can help with hip or knee arthritis. Also sometimes braces
can help to improve the way that the joint moves taking pressure
off of the more damaged parts of the joints. Exercise and
strengthening are very important - and the knowledge of a good
physiotherapist or exercise prescription expert can be very
Alicia Power: okay so those are things that you can get
started on even before seeing the doctor! Great…what about other
ways of helping such as medication or surgery?
SM: So generally if you have done the lifestyle changes and
you are still experiencing pain we usually start with topical anti
inflammatories or tylenol. If these are not effective then we
move onto oral anti inflammatories as needed. these are used
to treat the pain, they do not change the progression of the
disease. Please make sure to stay well hydrated, and if you
are using them more than occasionally see your family doctor to
make sure your blood pressure is normal, and there are no reasons
in your medical history why you should not be taking
Occasionally we can use an antidepressant which is shown to
help with some pain conditions, if you have mood concerns as
Alicia Power: now what about injections into joints, such as
steroids or hyaluronic acid - what I like to call a Lube job for
SM: Well we can use steroid injections for an arthritic
joint. This can work well if there has been a sudden
worsening or flare of the arthritis. This isn't a permanent
solution, but for many patients who are trying to delay or avoid
surgery it can be an option. But it often wears off fairly
quickly within two to six months. The lube job or
Hyaluronic acid injections can help many patients with mild to
moderate arthritis and can give longer benefit,maybe up to 10
months. They are expensive at up to 450 per injection but the
studies show that not all patients benefit from them, but certainly
I have had patients that have had good effect from this and it is
relatively safe, so may be worth a try.
Alicia Power: What about more natural substances people might
be looking into.
SM: well if you are going to try something, topical capscasin
has some evidence to it, but can be irritating to the skin.
And in some studies, oral fish oil and chondroitin have shown some
Alicia Power: there is all kinds of talk about the anti -
inflammatory nature of turmeric….do you know anything about
SM: Well the active ingredient known as Curcumin has again
some evidence for it, but it is poorly absorbed in our bowels, so
you need to take a supplement that has been formulated to improve
its absorption in our GI tract.
Alicia Power: Great…so we spoken about lifestyle changes,
medications and injections. What if none of these help and
you are suffering daily and unable to do what you enjoy doing in
life…what is the next step?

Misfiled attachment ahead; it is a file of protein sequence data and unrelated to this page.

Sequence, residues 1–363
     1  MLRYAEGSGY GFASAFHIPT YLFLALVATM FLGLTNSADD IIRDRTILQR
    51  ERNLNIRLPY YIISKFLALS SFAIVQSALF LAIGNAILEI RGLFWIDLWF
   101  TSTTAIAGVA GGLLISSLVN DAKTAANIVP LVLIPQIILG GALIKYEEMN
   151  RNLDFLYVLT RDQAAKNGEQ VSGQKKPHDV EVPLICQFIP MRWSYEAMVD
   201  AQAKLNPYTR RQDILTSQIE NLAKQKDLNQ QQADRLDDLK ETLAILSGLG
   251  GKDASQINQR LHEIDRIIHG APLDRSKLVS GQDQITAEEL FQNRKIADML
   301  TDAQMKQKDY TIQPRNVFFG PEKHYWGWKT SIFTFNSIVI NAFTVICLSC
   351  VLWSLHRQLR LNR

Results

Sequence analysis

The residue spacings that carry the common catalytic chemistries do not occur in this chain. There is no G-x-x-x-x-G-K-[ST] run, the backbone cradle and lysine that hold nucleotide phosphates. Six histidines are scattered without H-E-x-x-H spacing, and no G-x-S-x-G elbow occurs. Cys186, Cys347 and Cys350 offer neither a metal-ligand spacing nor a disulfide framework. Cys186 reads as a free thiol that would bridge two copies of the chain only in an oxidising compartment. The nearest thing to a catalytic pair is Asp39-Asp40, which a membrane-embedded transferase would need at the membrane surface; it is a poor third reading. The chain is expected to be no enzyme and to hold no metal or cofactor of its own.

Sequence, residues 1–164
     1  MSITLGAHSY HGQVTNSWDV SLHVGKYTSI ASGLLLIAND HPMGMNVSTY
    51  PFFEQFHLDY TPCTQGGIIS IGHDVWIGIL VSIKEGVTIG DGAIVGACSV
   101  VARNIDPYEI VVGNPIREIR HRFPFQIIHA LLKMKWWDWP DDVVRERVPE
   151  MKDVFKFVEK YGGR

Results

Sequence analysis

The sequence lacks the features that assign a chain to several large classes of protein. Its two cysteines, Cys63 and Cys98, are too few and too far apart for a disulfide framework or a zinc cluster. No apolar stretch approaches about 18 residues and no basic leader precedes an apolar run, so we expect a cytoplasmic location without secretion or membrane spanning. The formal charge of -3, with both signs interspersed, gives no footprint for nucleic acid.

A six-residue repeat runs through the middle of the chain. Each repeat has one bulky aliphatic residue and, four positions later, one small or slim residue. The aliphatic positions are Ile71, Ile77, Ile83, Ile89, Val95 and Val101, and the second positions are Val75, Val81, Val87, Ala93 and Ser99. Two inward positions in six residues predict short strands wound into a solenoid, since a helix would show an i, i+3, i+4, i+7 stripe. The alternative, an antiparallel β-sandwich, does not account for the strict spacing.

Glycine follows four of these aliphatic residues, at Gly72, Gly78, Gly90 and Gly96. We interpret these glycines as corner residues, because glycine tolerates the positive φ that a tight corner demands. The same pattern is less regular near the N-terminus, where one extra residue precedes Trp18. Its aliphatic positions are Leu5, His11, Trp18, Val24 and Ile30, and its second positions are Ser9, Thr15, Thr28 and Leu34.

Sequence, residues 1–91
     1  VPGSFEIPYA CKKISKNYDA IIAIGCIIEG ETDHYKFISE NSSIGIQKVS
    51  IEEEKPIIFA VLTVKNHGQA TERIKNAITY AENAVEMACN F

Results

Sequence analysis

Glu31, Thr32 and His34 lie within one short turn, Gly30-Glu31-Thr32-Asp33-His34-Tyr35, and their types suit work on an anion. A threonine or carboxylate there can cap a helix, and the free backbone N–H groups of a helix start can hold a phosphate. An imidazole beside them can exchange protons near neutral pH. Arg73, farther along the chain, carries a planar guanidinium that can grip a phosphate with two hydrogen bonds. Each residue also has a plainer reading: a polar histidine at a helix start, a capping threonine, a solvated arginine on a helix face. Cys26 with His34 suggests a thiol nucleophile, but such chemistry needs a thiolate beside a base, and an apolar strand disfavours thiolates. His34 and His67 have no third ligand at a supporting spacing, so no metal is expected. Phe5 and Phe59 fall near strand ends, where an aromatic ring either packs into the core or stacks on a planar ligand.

SM: Surgery is an option for most kinds of osteoarthritis when
patients have disabling symptoms. For most large joints - the
shoulder, knee and hip - surgery to replace the joint, a joint
replacement is the most effective option. Arthroscopic
surgery through where a as small camera goes into the joint -
usually ankle or knee - can used to "clean up" a joint if
there is locking or cathcing in select patients. But most patients
don't get any benefit from arthroscopic clean up and it is usually
not recommended for arthritis.
Total joint replacement surgery can have dramatic improvements
in quality of life for patients who have advanced arthritis and are
disabled. Joint replacement surgeries are big operations and
although the majority of patients are satisfied, there are risks to
the operations and not all patients are happy after having their
joint replaced. About 20% of knee replacements and 9% of hip
replacements report ongoing pain after surgery - so its important
to have realistic expectations and know that you may not be
entirely pain free after your surgery. If you have multiple
painful joint, depression or other health issues, its more likely
that you may have pain after a joint replacement. Alicia Power: OK
so I think we have done a pretty good review of OA, are there any
other pearls or tidbits that we haven’t mentioned that you think
are important for people to know about? Or any new treatments
SLots of patient ask me about two newer types of treatments
for arthritis - stem cell injections and platelet rich plasma
injections. What we are all hoping for is a treatment that
can grow new cartilage. However, this doesn't exist
yet. Once the cartilage has thinned in arthritis, there is no
way to bring it back.
Stem cell therapy is still an experimental treatment that does
not have any strong studies to support it yet. Platelet rich plasma
injections has some studies that show benefit for patients with
mild to moderate arthritis in the knee, it is still fairly
I have seen many patients who have chosen to have these
treatments and often spent a lot of money on them and not had any
benefit, so i really encourage patients to talk to their physicians
or an orthopaedic surgeon before they consider these
Alicia Power: Well That is some great information! Thanks
Sonja for coming on the Growing Healthy Podcast….it’s a beautiful
day out so i’m going to go do some moderate joint strengthening
activity….So keep on Growing Healthy!